The Full Monty plays at Philip Chosky Theatre
I spent this Friday night waiting anxiously for the chance to see some all-American hunks bare it all. I almost didn’t score tickets to the School of Drama’s production of The Full Monty, but I was committed. First on the waitlist, I rushed to my surprisingly good seat smack in the center of a totally occupied row toward the middle of the Philip Chosky Theater. The crowd buzzed with anticipation, a decidedly middle-aged and suit-wearing audience for a musical about male strippers. The set blended two worlds: a glitzy curtain of streamers suitable for Chippendales and rusty metal scaffolding perfect for an upstate New York steel mill. The lights went down, and I was at a freaking strip show.
The premise of The Full Monty is simple, if a bit contrived. Six unemployed, depressed, altogether average Buffalo millworkers turn their desperate sights on a new line of work, one that’s hotter than a steel rod straight from the furnace — and twice as hard. They’re led by Jerry, a divorced father and the man with a plan who I’m not sure deserves to be the show’s protagonist. Think of Jerry as your sexist bum uncle who’s always pulling get-rich-quick schemes out of his ass; he’s the least compelling and least likable character of the bunch. This is no fault of senior drama major Nick Sacks, who played him earnestly and amplified his main redeeming feature: love for his teenage son Nathan (played by junior drama major Nathan Salstone), whom Jerry will lose custody of if he doesn’t come up with his half of the support money. Sacks and Salstone communicated a powerful father-son bond that cut through the unlikelihood of the plot.
The shiniest jewel in The Full Monty’s G-string was the supporting cast. The funniest song in the show was “Big Black Man,” the stripper tryout of a — ahem — not-so-big middle-aged black man misleadingly nicknamed Horse (played by Avery Smith). I honestly have no idea how Smith managed to be sexy while wearing trousers up to his belly button and dancing a medley of the 70s’ greatest hits. But my favorite of the unlikely strippers was Malcolm, played by the hilarious and adorable Josh Grosso. Jerry and his self-conscious best friend Dave (played by senior drama major Michael Leadbetter in a fat suit) collect Malcolm for their team after saving him from a suicide attempt brought on by his crippling friendlessness.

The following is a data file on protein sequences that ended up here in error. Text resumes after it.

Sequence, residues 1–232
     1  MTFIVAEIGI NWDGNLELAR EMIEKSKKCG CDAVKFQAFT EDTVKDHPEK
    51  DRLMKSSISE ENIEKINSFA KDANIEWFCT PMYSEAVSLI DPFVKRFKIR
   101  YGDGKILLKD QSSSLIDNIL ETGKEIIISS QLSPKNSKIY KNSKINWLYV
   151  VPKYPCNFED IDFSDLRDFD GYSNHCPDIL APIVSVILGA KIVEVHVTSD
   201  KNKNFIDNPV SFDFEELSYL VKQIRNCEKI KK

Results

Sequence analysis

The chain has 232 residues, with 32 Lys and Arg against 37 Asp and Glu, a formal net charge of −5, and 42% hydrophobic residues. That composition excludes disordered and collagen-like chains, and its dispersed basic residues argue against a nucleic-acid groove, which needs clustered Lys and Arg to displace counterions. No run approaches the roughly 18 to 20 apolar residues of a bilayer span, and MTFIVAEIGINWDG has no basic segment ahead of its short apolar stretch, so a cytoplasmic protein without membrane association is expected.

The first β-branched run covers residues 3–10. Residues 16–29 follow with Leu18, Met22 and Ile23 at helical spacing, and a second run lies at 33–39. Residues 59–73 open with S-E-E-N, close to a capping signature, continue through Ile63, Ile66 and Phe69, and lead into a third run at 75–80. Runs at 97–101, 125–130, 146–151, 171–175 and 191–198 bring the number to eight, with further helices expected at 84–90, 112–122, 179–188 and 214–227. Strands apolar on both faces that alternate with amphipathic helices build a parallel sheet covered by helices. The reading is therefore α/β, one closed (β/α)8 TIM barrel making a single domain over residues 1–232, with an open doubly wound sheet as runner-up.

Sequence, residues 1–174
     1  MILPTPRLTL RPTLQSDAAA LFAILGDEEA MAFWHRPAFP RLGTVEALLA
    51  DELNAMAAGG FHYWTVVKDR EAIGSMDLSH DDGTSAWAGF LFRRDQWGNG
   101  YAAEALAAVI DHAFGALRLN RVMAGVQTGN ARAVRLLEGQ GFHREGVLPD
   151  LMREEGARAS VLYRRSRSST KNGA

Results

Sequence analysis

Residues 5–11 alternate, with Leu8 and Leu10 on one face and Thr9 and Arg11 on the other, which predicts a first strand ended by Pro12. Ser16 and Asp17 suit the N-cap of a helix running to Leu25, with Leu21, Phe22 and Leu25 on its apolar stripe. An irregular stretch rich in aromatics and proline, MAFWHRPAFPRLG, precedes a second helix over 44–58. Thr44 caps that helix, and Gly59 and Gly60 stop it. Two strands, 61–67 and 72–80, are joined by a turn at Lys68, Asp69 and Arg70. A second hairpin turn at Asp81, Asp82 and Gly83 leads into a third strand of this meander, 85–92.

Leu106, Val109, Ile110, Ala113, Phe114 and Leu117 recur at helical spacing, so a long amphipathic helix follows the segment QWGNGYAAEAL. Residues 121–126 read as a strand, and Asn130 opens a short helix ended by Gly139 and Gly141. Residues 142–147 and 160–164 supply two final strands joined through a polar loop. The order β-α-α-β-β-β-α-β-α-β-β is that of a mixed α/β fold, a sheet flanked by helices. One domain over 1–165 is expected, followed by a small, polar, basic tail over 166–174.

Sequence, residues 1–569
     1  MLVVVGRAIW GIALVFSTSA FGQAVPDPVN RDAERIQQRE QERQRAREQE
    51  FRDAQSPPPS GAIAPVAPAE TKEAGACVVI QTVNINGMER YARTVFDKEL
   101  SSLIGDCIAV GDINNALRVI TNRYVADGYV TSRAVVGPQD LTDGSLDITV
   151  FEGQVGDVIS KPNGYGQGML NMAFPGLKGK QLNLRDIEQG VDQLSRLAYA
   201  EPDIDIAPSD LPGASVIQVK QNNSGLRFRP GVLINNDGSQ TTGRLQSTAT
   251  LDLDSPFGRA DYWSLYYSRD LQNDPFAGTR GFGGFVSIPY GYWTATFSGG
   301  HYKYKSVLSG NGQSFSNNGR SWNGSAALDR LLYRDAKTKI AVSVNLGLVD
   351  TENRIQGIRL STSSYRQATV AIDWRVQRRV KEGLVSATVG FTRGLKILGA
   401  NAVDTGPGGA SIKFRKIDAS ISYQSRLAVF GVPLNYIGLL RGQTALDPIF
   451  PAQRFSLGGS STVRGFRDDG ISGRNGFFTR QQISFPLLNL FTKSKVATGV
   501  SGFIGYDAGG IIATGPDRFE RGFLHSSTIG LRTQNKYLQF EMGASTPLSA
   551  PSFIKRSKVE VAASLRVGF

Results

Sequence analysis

One of the show’s most memorable songs — “A Big Ass Rock,” which listed several comic ways a guy might kill himself — was also the one I had the hardest time laughing at. But Leadbetter saved the otherwise cringe-worthy scene with his formidable talent for physical comedy. For one, his impromptu stripper audition featured what can only be described as a full-body hip thrust minus the hips. For a character we meet when he’s about to off himself, Leadbetter presented a Malcolm who was probably the show’s most joyful character — once he finally has friends. He also snags a boyfriend in fellow amateur stripper Ethan (played by senior drama major Adam Stern-Rand), a character whose two defining characteristics are “dumb” and “jaw-droppingly large schlong.” Still, the boys’ gorgeous duet (“You Walk with Me”) and not-so-subtle handholding at Malcolm’s mom’s funeral brought on all the emotions. I’d like to survey the audience, but I called it the second Malcolm and Ethan simultaneously make a Sound of Music reference. Let’s just say I can spot homoerotic subtext a mile away; it’s an art.
The women of this show deserve a special shout-out. Despite the casual misogyny and hyper-inflated masculinity complexes of characters like Jerry, who’s definitely compensating for something, the women of The Full Monty were unquestionably badass. They carried the most electric group numbers — “It’s a Woman’s World” and “The Goods” — and gave the show heart. Refreshingly, this show skips the meet-cutes and the getting-togethers; it drops us instead right in the middle of two marriages. Dave and Georgie (senior drama major Erika Olson) and Harold (senior drama major Chris Garber) and Vicki (senior drama major Amanda Jerry) are in parallel rough patches, but their love for one another shines through the depression and humiliation of unemployment. Both pairs have fabulous chemistry, though I sort of fell in love with Vicki’s boundless enthusiasm for the team’s poindexter choreographer Harold. I caught a serious case of goose bumps during Georgie and Vicki’s reprise of “You Rule My World,” earning it a place among the few love songs that don’t make me want to hurl.
A show like The Full Monty has to have a happy ending, in more ways than one. Jerry’s league of everyman strippers — dubbed “Hot Metal” — opens their one-night-only show for what seems like the entire population of Buffalo. They’ve promised their audience, myself included, “The Full Monty.” Both audiences whooped for this mediocre yet charming strip show, waiting with baited breath for these believably average dudes to show their moneymakers. The final moment came with blinding stage lights. I didn’t see much, besides a few dangling silhouettes. In the end The Full Monty wasn’t about going all the way, but about holding tight to the people you love and having a crazy, off-color journey. Turns out it’s all in the foreplay — though no one’s about to say no to a spectacular finish.